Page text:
- Column Mapping. The default behavior of the COPY command is to insert the data into the table, in the same order found in the input source. If you change this behavior, you should provide an optional column mapping.
- Data Format Parameters. There are some different options, ranging from CSV to AVRO files, that COPY understands. Using these parameters, you can provide to COPY a different type of data serialization.
- Data Load Parameters define the behavior of the loading process. You can change the way errors are handled and reported or the sample size for the selection of a compression method.
The above parameters make the COPY command a very flexible and versatile tool for pushing data into Amazon Redshift. Combined with knowledge about the nature and provenance of the data can lead to an optimal method for consistently loading data into an Amazon Redshift cluster.
Loading data from other sources
Many other sources are not supported by COPY directly. In this case, the recommended approach is to figure out a way to place the data on Amazon S3 and then use the COPY command.
Some notable examples are databases like PostgreSQL and MySQL that might be running on AWS RDS or any other provider. In this case, you need to figure out a way to dump the data from the database and then load it into S3.
For MySQL you can check the following resources:
You can use mysqldump to dump your data into CSV format. Here you can find out how to convert the output of mysqldump into a CSV file.
Here you can also find a small utility written in Python to do the same thing.
For an extremely maintenance-free way, you can use a cloud ELT service like Blendo to automatically load your data from MySQL into Amazon Redshift. Integrating both will take you just a few minutes.
In a similar fashion, you can use the psql command to dump tables into CSV format, using the /copy command parameter.
In this post here you can find the appropriate syntax to do it.
The output of the above commands can then be loaded into S3 and then use the Amazon Redshift COPY command to load the data into the cluster.
For an extremely maintenance-free way, you can use a cloud ELT service like Blendo to automatically load your data from PostgreSQL into Amazon Redshift. Integrating both will take you just a few minutes.
Pulling data out of cloud applications is much more complicated. You need to develop a custom connector for each application to pull data out of it. Then, turn it into an appropriate CSV or JSON file and store it into S3.
For an extremely maintenance-free way, you can use a cloud ELT service like Blendo to automatically load your data from cloud applications like CRM and marketing platforms into Amazon Redshift. Integrating both will take you just a few minutes.
Streaming data into Amazon Redshift
So far, all the different methods for loading data into Amazon Redshift are for updating your cluster in batches. That is a natural choice because traditionally, data warehouses were intended to be used to analyze large amounts of historical data.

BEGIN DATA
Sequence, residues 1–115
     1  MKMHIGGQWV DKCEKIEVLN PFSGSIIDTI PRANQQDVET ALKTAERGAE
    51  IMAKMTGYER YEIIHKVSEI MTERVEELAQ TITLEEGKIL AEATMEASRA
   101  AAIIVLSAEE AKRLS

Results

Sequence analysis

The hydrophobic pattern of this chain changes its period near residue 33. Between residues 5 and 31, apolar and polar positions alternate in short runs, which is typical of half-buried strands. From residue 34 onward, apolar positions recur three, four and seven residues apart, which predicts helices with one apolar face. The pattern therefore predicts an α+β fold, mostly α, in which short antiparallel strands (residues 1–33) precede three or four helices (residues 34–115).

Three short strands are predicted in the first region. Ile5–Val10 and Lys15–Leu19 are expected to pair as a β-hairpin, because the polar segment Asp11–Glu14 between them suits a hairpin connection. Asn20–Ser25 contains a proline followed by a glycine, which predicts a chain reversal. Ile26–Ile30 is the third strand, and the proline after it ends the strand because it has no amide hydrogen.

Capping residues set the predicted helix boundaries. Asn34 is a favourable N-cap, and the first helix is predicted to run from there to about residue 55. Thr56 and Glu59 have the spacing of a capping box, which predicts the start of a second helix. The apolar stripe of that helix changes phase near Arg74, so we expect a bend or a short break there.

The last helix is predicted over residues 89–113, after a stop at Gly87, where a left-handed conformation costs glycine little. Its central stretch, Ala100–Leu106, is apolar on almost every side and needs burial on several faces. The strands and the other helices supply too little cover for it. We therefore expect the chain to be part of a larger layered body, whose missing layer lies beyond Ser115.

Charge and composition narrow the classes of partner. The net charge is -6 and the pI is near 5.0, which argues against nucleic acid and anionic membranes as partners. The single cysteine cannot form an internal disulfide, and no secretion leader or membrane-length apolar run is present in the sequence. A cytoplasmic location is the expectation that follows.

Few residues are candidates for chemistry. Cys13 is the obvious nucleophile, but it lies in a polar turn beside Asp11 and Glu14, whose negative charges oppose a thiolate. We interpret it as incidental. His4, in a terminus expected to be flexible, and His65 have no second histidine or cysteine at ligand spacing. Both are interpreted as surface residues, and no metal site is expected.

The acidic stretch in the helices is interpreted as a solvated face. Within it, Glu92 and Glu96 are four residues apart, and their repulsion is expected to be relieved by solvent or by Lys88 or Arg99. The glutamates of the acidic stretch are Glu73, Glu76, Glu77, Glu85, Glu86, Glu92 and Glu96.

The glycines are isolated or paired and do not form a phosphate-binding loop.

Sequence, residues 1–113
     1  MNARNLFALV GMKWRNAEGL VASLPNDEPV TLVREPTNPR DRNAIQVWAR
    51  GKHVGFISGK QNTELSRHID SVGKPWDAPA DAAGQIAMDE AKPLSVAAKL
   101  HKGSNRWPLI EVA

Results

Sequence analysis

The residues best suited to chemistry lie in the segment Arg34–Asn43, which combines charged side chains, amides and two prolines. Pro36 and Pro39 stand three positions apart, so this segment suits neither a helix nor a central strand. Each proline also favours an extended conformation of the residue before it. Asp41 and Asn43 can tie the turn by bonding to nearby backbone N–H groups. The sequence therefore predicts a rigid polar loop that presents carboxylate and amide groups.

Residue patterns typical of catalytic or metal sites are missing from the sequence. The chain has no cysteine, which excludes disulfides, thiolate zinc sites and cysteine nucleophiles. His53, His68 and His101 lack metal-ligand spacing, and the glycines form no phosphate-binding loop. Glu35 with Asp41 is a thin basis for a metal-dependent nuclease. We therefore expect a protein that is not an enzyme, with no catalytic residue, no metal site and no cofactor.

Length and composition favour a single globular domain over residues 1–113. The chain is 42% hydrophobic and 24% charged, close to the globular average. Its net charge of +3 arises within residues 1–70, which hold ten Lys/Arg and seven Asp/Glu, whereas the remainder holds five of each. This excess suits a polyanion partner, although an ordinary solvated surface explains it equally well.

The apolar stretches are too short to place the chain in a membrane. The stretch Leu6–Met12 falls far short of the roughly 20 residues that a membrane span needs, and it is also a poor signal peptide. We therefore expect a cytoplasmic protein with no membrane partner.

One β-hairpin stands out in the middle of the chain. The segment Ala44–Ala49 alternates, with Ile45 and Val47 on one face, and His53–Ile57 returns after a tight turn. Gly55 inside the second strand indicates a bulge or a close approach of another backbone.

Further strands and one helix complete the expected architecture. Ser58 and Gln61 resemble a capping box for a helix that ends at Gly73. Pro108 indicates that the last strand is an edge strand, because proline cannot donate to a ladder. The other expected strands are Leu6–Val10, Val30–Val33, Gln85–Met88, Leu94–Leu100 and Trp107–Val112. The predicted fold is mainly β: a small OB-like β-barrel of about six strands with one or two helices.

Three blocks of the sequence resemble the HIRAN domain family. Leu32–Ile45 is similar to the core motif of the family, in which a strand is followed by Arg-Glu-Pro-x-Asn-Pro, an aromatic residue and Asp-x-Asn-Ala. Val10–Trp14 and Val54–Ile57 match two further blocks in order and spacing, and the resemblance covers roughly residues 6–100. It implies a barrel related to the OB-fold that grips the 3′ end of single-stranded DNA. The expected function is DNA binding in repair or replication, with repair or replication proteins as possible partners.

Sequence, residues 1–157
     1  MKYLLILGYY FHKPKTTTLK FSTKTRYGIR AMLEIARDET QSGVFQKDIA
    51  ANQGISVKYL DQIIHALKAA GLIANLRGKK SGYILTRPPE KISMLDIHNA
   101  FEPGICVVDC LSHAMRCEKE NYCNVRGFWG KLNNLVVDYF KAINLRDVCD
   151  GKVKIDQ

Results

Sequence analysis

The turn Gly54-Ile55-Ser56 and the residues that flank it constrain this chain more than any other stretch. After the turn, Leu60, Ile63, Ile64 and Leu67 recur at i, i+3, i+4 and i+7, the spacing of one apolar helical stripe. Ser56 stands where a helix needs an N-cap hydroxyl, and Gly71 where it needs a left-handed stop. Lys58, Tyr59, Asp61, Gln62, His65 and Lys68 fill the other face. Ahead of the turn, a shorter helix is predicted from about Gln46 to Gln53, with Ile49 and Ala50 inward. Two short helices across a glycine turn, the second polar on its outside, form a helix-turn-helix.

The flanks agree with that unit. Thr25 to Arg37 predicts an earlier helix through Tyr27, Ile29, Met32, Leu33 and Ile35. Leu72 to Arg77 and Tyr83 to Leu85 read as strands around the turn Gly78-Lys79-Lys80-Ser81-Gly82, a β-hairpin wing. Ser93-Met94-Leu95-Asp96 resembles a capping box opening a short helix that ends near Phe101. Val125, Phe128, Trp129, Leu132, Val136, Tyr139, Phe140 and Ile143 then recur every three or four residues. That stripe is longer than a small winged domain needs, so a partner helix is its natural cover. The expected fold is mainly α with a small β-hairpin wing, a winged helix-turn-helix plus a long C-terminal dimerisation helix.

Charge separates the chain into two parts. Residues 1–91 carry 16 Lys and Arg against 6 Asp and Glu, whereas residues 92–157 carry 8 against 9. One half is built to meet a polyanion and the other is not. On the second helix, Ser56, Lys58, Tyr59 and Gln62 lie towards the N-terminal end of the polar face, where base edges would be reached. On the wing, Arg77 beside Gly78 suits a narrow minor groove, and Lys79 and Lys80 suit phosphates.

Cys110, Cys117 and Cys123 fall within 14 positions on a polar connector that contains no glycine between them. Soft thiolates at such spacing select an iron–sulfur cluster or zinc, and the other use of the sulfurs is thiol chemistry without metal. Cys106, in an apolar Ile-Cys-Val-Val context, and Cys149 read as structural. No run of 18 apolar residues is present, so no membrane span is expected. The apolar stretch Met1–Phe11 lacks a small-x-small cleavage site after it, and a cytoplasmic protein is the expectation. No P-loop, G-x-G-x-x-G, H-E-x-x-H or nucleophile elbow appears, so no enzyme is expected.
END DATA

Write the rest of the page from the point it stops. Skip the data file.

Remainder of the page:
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Currently, there’s an increasing trend towards more real-time analytic applications where data is analyzed in almost real time. To address this new requirement Amazon Redshift, currently, supports the ingestion of data in real time using Amazon Kinesis.
The way to ingest streaming data into Redshift is by using the Amazon Kinesis Firehose which automatically batches and compresses streaming data before it loads it into a Redshift cluster. In this case, batched data are delivered automatically to S3 and then into Redshift with a COPY command that is provided by the user during configuration.
An interesting and useful feature, supported by Amazon Kinesis, is the online transformation of data. It is possible to define custom transformations as Amazon Lambda functions that transform your data before it loaded on a Redshift cluster.
For more information about ingesting streaming into Redshift, you can check here and here.
Loading data into Amazon Redshift is probably one of the most fundamental operations that we perform frequently. It’s not uncommon to deploy complex pipelines which load data from many different sources into Redshift. Many things can go wrong in such a complex procedure, so here are a few things that might help you figure out what is going wrong.
The data to be loaded should be in UTF-8 encoding. No other encoding is supported, and if you try to load a different one, you might end up with errors. If for any reason you end up having invalid characters in the data you are going to load; then you might find helpful to add the ACCEPTINVCHARS parameter to the COPY command.
Make sure CHARS and VARCHARS conform to the max size of the corresponsive columns. The size of strings is measured in bytes and not characters.
If you are using any special characters in your CSV files, make sure to define an escape character as a parameter to your COPY command.
If your CSV has headers, use the IGNOREHEADER parameter for the COPY command.
All errors that occur during the data loading phase are stored into the STL_LOAD_ERRORS system table. Consult this table whenever you get an error as it contains useful error messages.